I was thinking the other day about my inspiration to blog or write in general. When looking at previous blogs most are inspired by the harsh nature and consequences of stereotyping. Not only do I blog about the most insignificant forms of stereotyping, such as stereotyping introverts and extroverts, but  I have written multiple pieces throughout my college career and researched the existence of stereotyping in many different forms that range from the Japanese internment camps within the United States during World War II and the ways in which Hollywood reinforces stereotypes within society through show and movie scripts.  Stereotyping is a large social issue that plagues society, but has also been one of the largest social issues that affects me directly on a daily basis.

When I was younger, my family lived in a smaller town that was comprised of a large white majority with a small black minority.  Twenty years ago in this neighborhood there was little to no biracial or multi-ethnic families.  To be honest, this fact never quite bothered me. I never realized that my family or I (for that matter) was different.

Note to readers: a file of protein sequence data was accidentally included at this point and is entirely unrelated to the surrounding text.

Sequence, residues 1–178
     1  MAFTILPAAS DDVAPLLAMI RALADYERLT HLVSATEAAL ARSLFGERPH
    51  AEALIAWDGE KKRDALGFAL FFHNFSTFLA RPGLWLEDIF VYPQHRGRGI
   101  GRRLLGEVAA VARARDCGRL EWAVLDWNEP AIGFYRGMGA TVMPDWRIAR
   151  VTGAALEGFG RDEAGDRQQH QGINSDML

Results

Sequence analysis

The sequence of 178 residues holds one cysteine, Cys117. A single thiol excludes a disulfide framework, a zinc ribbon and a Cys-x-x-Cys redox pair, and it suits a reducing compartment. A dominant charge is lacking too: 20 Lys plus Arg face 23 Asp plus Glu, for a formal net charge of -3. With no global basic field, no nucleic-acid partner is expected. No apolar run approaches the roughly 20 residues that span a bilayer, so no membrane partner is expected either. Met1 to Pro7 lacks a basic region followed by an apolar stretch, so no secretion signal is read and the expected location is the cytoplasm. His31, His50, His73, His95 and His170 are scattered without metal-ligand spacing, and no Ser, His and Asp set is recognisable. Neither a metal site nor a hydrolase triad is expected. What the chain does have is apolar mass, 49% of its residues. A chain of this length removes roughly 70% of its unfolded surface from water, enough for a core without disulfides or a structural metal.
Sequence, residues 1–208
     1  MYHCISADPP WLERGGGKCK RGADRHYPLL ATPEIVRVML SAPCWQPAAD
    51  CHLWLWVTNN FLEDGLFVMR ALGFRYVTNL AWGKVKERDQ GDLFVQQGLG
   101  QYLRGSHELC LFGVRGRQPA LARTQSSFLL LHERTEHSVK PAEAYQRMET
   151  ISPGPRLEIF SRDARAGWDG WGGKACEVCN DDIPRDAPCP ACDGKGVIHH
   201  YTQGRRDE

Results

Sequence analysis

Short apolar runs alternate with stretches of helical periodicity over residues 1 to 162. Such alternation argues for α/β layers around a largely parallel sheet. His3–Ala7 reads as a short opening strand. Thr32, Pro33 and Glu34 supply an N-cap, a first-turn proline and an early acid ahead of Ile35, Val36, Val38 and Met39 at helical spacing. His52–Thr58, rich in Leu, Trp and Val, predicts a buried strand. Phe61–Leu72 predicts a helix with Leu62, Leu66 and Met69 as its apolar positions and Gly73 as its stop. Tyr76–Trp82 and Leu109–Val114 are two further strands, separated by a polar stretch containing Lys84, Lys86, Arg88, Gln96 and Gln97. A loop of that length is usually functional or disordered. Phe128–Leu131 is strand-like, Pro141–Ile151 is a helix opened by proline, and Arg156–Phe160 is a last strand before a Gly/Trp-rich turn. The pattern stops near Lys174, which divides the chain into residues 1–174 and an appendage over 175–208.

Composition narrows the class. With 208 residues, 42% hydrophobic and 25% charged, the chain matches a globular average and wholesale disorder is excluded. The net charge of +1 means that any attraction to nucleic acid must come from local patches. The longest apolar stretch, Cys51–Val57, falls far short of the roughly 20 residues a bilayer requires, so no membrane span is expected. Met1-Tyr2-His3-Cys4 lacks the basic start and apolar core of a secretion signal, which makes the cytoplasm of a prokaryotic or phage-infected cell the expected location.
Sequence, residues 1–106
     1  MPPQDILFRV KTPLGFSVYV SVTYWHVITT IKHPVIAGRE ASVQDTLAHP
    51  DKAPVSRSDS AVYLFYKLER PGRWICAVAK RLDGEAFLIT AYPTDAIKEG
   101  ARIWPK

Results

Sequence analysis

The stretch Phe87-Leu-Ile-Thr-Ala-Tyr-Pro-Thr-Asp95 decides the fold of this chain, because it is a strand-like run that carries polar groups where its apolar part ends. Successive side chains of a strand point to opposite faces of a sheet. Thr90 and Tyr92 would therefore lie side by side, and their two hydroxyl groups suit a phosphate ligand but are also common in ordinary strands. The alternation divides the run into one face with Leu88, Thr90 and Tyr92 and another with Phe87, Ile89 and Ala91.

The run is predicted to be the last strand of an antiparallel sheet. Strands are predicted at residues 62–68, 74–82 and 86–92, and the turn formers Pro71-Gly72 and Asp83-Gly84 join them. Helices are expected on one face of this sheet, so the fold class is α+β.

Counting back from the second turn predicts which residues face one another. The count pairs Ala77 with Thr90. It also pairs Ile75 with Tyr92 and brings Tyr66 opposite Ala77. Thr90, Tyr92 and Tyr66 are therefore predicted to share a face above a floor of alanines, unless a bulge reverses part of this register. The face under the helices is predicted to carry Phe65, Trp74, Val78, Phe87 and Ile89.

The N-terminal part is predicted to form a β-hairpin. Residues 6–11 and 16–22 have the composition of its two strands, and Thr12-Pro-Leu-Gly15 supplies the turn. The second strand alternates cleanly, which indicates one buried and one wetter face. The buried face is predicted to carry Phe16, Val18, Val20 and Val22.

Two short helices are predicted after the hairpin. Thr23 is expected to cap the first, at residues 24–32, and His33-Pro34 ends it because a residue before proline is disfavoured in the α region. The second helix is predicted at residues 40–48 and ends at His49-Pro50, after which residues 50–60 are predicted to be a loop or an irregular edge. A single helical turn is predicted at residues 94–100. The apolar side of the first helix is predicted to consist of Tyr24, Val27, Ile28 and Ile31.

The first time that I realized I was different was in first grade.  Earlier that day my mom visited school to drop off treats for the class; that afternoon on the bus ride home, one of my classmates simply asked me if I was adopted.  Oddly enough at this point in my life, I had no idea.  She asked me if I ever realized that my older sister and mom skin was completely different than what mine was.  That night I asked my mom why she would not tell me who my real mommy was and why I do not look like her and Ashley (my older half sister).  Looking back on the day, I have realized that I offended my mother deeply that night (also because she told me).  After that afternoon, she spent probably about two months convincing me I was not, in fact, adopted. (Unfortunately she still needs to convince me of this sometimes because I am still the “black sheep” of the family and act completely polar than the rest of my siblings)